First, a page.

THON Gains An Angel In Hope Westrick
The THON community gained an angel this weekend. Hope Westrick, a 14-year-old from York County, passed away Saturday morning at Penn State Hershey Medical Center after battling cancer for more than a year.
In this difficult time for her loved ones, it is important to recognize the significant impact that Hope had on those who were fortunate enough to know her. In January 2015, Hope and her family were paired with the sorority Alpha Xi Delta and experienced their first THON less than a month later. “Hope immediately became a little sister to everyone in our organization,” said Alpha Xi Delta THON Chair Ali Smith. “It’s so much more meaningful than a name on the back of a shirt THON weekend; She is a member of the family we created at Penn State.”
Over the next few months, Hope shared her overwhelming positivity with her sisters and their partners, Sigma Phi Epsilon. Throughout hospital visits, shopping trips, care packages from Ariana Grande, and make up sessions before school dances, Hope’s graciousness was not lost on those around her. The sisters of Alpha Xi Delta reflect on how Hope continually checked to make sure they was comfortable during visits to Hershey Medical Center, worrying about everyone but herself in the time that they spent together.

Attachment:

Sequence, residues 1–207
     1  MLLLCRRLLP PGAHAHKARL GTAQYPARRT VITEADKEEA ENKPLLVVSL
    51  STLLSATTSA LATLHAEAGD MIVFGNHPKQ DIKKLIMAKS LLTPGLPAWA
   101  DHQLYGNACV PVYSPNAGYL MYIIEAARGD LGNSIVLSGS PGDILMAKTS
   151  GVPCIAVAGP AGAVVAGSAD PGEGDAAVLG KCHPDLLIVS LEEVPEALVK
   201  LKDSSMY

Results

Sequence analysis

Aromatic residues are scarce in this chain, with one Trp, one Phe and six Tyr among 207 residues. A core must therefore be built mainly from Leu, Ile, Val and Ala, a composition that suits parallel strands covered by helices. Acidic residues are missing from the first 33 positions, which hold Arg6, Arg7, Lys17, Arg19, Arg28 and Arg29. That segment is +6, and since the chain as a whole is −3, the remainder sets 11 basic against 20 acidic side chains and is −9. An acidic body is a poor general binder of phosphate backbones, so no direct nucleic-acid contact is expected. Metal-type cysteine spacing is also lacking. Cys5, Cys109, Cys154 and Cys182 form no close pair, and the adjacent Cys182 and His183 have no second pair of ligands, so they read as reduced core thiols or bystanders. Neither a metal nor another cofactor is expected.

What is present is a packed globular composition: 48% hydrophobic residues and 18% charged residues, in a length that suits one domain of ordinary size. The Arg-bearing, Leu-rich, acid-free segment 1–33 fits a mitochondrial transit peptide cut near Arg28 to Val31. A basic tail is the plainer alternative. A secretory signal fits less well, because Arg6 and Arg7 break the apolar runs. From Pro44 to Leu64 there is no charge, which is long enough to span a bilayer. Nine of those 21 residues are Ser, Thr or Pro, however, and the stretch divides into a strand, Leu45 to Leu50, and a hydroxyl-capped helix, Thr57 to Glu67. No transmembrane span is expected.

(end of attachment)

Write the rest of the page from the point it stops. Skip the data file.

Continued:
“Our goal as a THON org was always to make Hope smile,” Smith said. “Little did we know, that was exactly what she was trying to do for those around her.” At her 8th grade graduation, Hope fittingly received the Resiliency Award, putting into words the strength that her family and friends witnessed in her for years.
Hope’s parents, Robert and Nicole Maldonaldo, welcomed the THON organizations into their family with open arms and, in turn, gave Penn State students an immeasurable gift in the opportunity to get to know their daughter. Her brothers, Robert and Tyler, showed courage well beyond their years. All of Hope’s relatives continually stressed how thankful they were for our efforts, reminding us all why we THON.
Hope’s continual display of love, selflessness, and strength reminds us all to “always have hope,” in both her memory and continuing to fight for a cure.
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We took a stab at predicting what Schreyer grads’ theses might be about.
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